Skeletons in the closet weave the essential tapestry that ties this singular family together, drawn by the immortal Eugene O'Neill in a story that was partly drawn by his own life. The Tyrone family represent the American Family at its utmost worst: father James (Ralph Richardson is a broken man, a former theatre actor who committed a specific act of stinginess against his own family and caused its downfall; oldest son Jamie (Jason Robards) is an alcoholic who, while he loves his younger brother Edmund (Dean Stockwell) very much, can't stand his brilliance at writing; Edmund has tuberculosis and is privy to every second in which his family eats itself alive, and mother Mary (Katharine Hepburn) has fallen victim to her addiction to morphine and has a scant hold on her reality.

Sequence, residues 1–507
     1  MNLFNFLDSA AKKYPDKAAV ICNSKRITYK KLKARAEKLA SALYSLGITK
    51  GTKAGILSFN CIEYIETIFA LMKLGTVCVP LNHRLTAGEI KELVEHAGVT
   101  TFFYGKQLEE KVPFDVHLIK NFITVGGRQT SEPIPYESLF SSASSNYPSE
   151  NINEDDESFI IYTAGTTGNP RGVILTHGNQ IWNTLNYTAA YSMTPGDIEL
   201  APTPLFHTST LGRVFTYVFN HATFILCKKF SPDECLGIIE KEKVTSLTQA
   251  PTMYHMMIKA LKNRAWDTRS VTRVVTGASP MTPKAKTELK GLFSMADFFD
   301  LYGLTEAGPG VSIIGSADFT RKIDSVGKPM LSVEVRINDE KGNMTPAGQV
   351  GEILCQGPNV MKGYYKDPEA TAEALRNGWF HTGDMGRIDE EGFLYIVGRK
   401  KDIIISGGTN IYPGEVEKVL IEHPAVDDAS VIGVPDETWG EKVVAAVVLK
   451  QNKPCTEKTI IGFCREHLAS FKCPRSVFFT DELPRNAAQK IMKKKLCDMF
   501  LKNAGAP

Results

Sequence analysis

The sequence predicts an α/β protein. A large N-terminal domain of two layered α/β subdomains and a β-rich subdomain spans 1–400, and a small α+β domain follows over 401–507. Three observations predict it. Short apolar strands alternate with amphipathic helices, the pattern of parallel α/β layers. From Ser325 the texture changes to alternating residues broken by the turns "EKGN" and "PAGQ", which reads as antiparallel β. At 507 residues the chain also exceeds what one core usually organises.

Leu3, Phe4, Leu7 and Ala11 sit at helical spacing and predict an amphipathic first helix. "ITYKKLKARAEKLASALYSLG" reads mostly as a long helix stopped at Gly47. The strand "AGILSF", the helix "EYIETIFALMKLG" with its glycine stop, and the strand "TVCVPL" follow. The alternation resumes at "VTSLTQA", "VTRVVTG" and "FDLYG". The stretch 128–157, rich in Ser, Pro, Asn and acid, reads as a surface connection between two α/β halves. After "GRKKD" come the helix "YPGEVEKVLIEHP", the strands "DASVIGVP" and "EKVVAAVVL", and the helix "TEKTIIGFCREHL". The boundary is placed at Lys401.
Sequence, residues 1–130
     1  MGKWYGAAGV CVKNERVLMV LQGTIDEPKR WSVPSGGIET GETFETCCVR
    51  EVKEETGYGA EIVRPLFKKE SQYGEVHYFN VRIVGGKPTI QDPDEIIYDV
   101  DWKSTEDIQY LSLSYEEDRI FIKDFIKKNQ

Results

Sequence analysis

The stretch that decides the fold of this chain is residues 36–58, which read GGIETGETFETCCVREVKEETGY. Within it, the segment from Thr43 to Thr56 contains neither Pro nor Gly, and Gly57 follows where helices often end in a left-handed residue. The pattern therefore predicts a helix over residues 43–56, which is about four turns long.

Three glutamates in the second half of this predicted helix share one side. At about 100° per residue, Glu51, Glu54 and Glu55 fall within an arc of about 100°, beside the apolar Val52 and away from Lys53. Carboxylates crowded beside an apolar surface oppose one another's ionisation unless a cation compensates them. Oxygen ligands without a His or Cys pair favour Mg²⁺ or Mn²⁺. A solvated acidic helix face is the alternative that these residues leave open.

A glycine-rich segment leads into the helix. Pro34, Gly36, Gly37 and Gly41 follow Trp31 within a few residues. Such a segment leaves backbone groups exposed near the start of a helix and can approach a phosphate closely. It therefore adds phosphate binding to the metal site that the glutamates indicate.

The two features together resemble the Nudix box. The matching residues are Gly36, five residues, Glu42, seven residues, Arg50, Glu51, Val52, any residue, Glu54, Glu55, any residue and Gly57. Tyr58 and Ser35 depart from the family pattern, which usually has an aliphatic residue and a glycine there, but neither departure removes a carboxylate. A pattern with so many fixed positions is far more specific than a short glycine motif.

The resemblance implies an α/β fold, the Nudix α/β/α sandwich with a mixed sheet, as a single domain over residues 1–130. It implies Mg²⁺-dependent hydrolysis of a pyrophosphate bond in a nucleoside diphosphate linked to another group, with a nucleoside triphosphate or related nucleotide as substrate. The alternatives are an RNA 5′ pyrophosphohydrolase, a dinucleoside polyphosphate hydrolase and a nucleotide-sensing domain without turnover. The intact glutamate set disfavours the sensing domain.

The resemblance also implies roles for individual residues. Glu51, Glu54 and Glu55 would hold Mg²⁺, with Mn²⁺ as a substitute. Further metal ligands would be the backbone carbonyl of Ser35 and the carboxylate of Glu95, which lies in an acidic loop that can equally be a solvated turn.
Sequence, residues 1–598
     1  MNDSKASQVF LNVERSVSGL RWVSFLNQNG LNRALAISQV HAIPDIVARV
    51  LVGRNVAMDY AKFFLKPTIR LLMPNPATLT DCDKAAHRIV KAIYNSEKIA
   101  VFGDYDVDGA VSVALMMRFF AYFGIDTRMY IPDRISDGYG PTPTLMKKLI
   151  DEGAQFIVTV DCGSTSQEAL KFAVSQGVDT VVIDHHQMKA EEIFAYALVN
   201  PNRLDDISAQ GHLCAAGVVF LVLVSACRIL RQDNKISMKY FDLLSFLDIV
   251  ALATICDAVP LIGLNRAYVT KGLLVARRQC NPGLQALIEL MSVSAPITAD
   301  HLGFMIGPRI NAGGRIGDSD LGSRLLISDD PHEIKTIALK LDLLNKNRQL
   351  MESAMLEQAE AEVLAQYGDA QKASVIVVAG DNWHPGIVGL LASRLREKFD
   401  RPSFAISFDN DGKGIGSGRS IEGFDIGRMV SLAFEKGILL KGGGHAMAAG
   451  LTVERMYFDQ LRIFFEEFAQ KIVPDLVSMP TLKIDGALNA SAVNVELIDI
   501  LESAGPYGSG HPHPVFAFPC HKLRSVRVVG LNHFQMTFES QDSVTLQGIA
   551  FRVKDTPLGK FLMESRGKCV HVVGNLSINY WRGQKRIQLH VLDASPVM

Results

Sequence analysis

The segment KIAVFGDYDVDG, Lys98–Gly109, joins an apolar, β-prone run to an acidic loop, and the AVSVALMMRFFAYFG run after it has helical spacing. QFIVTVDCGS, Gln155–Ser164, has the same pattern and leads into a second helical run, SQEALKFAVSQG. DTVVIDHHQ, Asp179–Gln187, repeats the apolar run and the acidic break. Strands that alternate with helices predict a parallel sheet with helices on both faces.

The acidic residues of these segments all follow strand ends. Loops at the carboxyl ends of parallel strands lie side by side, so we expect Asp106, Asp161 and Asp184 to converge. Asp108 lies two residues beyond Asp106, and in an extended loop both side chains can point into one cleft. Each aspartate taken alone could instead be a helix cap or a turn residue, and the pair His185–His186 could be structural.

Sidney Lumet, who has brought unto film some of the most powerful dramas screened on audiences, does magic with O'Neill's play, and while the film itself clocks in right under three hours, the intensity of this foursome's relationships with one another never makes it feel that long. All of the actors receive an equal amount of screen time, and display moments of fury and anguish and desperation under duress. Katharine Hepburn, though, lays herself bare with the gamut of emotions she conveys with her role -- forget Dorothy Parker's comment about her acting range going from A to B -- this is her most intense, frightening role, one where her pain surfaces and her own vague knowledge that she is a prisoner to her own addiction taking hold of her, more so because she can't do anything to stop herself and vehemently denies any intervention from her family. Her Mary is a walking ghost, a woman totally lost, aware but not aware. Jason Robards, an actor I've seen in more recent films, brings forth rage and self-pity to his own role as the Cain of this family: when he tells Edmund late in the film to leave because he is dangerous, one look into his eyes and we can see it. Ralph Richardson plays the father who can't help his family and seems somewhat at a loss. Stockwell's Edmund is really the innocent of the bunch, a boy who has to see the outrageous ugliness which dominates his family, who with luck, will survive it. This is a very devastating film to watch because of the slow disintegration of the central characters, and because there are so few of them and no comic relief, all we can do is watch, albeit from an intellectual distance.
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